We have been taught that all humans share intrinsic qualities that lend them a common dignity. Philosophers conceive of a certain level of cognitive capacity as the very mark of humanity, and extend the mantle of equal moral fellowship to these "persons." But what of individuals with diminished cognitive abilities? Cognitive disability poses significant challenges to these fundamental philosophical concepts, prompting a variety of difficult questions. Should those with cognitive disabilities be excluded from the protections and responsibilities we routinely assign to "persons"? Are we forced to reconsider the very concept "personhood"? How should the interests of people with cognitive disabilities and their caregivers be represented politically? Who is responsible for guaranteeing their care? And to what extent ought they be granted autonomy?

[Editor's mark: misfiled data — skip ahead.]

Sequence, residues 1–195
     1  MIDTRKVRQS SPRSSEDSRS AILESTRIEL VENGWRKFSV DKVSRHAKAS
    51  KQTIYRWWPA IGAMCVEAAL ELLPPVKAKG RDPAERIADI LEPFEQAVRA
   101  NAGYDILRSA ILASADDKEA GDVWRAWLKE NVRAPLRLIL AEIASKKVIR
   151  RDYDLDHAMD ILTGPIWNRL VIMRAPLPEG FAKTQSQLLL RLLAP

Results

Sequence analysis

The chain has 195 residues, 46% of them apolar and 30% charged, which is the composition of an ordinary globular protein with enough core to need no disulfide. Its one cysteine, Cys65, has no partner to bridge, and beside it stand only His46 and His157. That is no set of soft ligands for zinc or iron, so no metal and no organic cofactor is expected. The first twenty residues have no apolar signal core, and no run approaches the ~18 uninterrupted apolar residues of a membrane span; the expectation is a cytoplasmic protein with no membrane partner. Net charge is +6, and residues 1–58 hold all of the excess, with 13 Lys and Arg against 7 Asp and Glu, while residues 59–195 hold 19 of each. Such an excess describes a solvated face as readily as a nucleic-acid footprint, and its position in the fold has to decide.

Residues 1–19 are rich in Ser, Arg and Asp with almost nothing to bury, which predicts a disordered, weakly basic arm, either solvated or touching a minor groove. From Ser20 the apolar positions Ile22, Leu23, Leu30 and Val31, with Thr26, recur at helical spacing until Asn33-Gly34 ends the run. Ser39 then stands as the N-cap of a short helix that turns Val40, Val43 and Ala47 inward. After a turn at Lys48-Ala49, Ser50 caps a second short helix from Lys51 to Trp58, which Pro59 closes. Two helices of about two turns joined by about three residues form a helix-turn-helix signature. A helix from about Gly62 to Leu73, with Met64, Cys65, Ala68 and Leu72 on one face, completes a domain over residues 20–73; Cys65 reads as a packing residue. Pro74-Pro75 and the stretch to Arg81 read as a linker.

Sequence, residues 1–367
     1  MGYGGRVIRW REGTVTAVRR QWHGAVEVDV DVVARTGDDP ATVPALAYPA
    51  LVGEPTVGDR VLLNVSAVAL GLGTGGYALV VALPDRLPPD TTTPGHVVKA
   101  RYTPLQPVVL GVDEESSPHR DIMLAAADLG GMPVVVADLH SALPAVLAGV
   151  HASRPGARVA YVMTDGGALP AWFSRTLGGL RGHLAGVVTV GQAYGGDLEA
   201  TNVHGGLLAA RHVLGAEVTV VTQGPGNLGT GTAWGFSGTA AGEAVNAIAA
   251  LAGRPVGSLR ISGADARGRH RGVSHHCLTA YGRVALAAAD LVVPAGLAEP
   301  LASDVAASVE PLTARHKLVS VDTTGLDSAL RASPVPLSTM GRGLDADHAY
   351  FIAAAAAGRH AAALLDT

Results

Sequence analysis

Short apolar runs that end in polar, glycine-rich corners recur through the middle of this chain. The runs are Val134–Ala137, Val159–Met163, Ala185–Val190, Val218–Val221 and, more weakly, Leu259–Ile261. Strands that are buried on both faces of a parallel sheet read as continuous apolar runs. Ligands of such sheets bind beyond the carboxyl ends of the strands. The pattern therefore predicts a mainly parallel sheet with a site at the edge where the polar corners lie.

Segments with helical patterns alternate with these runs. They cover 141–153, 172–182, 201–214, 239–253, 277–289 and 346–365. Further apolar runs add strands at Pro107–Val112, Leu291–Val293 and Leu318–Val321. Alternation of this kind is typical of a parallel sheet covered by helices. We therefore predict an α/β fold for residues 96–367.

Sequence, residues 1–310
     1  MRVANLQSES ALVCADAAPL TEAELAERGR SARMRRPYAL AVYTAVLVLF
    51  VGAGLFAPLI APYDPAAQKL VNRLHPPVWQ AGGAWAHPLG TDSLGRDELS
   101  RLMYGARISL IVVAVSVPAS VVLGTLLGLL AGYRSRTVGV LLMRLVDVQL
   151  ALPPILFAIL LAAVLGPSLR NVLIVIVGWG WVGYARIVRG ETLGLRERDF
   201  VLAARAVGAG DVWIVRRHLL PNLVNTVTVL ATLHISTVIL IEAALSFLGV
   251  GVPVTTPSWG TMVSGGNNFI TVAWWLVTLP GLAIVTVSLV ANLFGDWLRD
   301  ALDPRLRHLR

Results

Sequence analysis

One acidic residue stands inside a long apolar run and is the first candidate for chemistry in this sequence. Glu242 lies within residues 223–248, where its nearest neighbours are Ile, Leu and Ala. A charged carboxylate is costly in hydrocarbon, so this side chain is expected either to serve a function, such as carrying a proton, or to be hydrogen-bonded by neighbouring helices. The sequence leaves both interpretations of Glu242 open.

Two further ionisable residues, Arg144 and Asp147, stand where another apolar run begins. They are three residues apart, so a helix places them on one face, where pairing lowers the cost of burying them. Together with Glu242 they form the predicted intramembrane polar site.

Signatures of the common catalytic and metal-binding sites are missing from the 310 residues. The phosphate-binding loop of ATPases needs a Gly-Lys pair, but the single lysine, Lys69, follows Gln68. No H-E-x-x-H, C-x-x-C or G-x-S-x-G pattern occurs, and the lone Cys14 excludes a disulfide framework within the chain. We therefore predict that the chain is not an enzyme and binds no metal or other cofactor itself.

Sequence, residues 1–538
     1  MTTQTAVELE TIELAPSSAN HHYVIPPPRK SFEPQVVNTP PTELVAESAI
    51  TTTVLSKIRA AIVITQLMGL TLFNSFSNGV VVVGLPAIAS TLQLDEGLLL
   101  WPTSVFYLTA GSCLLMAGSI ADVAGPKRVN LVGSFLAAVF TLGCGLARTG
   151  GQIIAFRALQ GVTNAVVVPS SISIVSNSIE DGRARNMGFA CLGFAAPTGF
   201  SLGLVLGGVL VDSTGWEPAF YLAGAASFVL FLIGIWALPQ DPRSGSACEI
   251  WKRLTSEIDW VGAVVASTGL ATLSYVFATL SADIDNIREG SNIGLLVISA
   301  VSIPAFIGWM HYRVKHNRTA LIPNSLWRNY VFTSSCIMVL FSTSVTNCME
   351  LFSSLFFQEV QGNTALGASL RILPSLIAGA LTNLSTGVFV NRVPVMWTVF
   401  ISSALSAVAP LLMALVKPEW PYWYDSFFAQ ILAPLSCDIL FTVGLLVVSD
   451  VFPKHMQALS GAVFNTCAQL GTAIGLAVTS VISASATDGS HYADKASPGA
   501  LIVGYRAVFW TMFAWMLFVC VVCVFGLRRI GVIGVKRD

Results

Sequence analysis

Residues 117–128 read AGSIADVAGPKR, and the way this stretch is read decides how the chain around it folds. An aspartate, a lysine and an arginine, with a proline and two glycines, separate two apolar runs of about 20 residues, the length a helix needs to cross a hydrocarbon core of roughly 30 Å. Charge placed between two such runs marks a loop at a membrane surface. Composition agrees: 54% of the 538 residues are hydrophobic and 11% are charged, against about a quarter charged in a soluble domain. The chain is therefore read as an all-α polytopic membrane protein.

Cognitive Disability and Its Challenge to Moral Philosophy addresses these concerns in a series of thought-provoking essays contributed by some of the most prominent moral philosophers of our time, as well as clinicians and medical historians. Collectively, the essays represent an important milestone in contemporary thinking about ethical considerations relating to people with cognitive disabilities. (Publisher)